Millions of Americans were 27 seconds away from having the perfect weekend.
If you're a soccer fan, heck, even if you aren't, chances are you tuned into the USA versus Portugal game Sunday. And while a tie is still a pretty decent finish against the Portuguese, it was heartbreaking nonetheless. It appeared the USA was going to pull off a remarkable upset, but in the last remaining seconds of extra time, Portugal scored and the game ended in a draw.
While the near upset and stunning finish were enough to leave any soccer fan feeling like they'd just stepped off a high-velocity rollercoaster, even more shocking was the atmosphere at sports bars around the country -- including the one I happened to be at, The Boneyard.
Perhaps "shocking" isn't quite the right word anymore. Pleasantly surprised seems fitting though. Up until recently, soccer in the US has had a somewhat limited following. But suddenly, it's as if a giant light bulb came on over the country, and Americans are all in.
Considering international soccer superstars like Lionel Messi and Cristiano Ronaldo make tens of millions of dollars and zip around the world on their private jets with supermodels on each arm, and you can frequently run into Kyle Beckerman (who plays for Real Salt Lake and starts for the US team) at Whole Foods, it's safe to say we still have a ways to go when it comes to our adoration for the game and its players. But we're getting there. And it's a beautiful thing.
The atmosphere at my neighborhood pub, as well as countless sports bars around the country, was nothing short of jubilant. Complete with painted faces, flag-inspired clothing and chants of "I believe that we will win!"
Volcanoes don't erupt with the power that bar did when the US scored its second goal late in the game. Even those entirely new to the sport, asking questions about why there are no timeouts and saying things like, "We need a point!" were ecstatic. You didn't need to know the lingo or rules to be electrified by the crowd and pledge a spontaneous and eternal allegiance to the beautiful game.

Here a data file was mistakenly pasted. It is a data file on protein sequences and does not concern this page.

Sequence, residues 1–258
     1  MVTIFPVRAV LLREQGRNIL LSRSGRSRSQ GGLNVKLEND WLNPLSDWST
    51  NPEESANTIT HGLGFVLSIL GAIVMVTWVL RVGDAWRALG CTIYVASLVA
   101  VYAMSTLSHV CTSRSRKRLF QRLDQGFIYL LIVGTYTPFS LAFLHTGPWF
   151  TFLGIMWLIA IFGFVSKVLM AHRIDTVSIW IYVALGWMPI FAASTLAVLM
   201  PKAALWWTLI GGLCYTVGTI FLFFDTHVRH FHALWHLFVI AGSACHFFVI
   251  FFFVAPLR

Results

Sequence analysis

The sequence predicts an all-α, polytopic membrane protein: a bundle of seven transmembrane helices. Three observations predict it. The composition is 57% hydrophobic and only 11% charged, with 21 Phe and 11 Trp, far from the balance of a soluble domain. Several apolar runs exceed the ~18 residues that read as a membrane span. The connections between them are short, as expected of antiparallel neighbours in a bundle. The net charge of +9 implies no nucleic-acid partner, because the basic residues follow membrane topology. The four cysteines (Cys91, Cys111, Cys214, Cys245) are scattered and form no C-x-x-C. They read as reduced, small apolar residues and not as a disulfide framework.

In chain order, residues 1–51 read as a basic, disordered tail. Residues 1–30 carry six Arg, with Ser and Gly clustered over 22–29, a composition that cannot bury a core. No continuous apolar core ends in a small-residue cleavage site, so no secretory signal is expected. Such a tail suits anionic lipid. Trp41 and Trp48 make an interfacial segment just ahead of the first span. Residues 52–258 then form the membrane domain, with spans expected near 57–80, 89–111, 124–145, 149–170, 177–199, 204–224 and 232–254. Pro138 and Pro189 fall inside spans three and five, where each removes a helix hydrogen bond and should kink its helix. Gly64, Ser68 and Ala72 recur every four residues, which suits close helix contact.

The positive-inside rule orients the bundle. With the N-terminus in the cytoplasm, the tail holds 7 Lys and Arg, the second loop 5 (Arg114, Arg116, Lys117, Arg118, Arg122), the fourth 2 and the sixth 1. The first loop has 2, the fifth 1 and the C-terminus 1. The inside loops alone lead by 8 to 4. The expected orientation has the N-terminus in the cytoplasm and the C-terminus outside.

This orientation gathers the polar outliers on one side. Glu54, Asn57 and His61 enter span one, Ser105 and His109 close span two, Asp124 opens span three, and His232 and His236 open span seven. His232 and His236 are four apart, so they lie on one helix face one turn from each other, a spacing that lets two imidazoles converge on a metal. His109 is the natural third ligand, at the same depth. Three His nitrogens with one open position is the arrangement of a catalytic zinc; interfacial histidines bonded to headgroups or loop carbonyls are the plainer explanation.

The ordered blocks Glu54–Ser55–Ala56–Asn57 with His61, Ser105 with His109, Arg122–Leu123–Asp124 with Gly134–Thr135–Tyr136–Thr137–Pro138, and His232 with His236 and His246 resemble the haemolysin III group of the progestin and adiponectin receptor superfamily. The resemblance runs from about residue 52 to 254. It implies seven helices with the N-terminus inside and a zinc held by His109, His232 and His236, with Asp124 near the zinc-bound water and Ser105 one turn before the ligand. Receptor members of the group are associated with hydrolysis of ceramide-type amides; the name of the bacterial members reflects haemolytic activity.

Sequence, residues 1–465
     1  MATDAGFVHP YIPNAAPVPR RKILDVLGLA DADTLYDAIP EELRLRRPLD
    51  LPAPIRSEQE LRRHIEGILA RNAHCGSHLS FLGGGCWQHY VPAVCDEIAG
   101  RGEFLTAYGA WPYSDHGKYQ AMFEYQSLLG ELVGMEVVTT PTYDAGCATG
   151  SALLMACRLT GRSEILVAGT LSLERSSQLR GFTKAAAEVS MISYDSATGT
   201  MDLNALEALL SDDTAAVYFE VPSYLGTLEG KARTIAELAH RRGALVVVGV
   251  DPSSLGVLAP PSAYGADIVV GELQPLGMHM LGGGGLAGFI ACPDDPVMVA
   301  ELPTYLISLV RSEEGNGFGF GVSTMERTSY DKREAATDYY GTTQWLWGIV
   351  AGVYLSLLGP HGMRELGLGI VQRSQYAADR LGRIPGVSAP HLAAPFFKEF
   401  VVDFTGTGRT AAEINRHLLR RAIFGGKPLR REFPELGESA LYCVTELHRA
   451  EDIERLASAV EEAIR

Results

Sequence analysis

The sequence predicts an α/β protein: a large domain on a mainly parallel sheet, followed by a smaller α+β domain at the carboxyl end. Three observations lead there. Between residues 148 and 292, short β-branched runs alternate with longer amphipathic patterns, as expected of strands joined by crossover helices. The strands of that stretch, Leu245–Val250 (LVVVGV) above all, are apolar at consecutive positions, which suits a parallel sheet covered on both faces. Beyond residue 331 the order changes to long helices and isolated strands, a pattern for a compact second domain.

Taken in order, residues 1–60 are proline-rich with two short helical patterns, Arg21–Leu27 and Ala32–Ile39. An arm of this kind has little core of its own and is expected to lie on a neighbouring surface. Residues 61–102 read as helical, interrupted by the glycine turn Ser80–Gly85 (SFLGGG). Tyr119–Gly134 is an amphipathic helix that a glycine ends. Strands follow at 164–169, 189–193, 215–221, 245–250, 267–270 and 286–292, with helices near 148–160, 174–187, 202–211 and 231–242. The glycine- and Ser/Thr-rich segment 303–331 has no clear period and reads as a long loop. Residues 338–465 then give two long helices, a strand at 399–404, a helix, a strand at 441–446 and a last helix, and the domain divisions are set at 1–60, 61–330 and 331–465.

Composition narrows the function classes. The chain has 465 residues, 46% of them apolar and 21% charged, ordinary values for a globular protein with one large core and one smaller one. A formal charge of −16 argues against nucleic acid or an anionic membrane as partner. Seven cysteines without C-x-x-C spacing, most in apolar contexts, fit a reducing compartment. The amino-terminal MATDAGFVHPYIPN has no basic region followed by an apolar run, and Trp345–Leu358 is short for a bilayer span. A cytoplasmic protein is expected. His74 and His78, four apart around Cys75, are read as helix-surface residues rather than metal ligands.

I'm not sure when or why soccer got cool in the US. It's been fairly recent and some attribute it to recent recession. Which might seem odd, but considering how much it costs to keep your kids in football, hockey, baseball and other sports, it does make sense. I've been to enough third-world countries to see how the game can be improvised. A few wadded up plastic bags with a string around them for a ball and sugar cane stalks to mark the goal. Soccer is a sport even the poorest on the planet can play.
Perhaps that's why there is no cultural practice more global than soccer: It has more followers than any one religion. It is more universal than any one language. And during the World Cup, over three BILLION people act in unison and watch the action. When was the last time half the planet did anything simultaneously?
I'd go as far as to say no other sporting event in the world comes close to matching the spirit of the World Cup. Sure, the Olympics get a lot of attention, but its countless competitions and overly choreographed ceremonies can never generate the unifying, universal passion of the World Cup. (When was the last time you experienced standing-room only at a bar to watch a swim meet?)
Even the United Nations is jealous of soccer's uniting force. Former U.N. Secretary General Kofi Annan once noted: "The World Cup makes us at the United Nations green with envy. As the pinnacle of the only truly global game, played in every country by every race and religion, it is one of the few phenomena as universal as the United Nations."
And it's exciting to see Americans getting into the spirit with such unadulterated enthusiasm.
Amy Roberts is a longtime Park City resident, freelance writer and the proud owner of two ill-behaved rescue dogs, Boston and Stanley.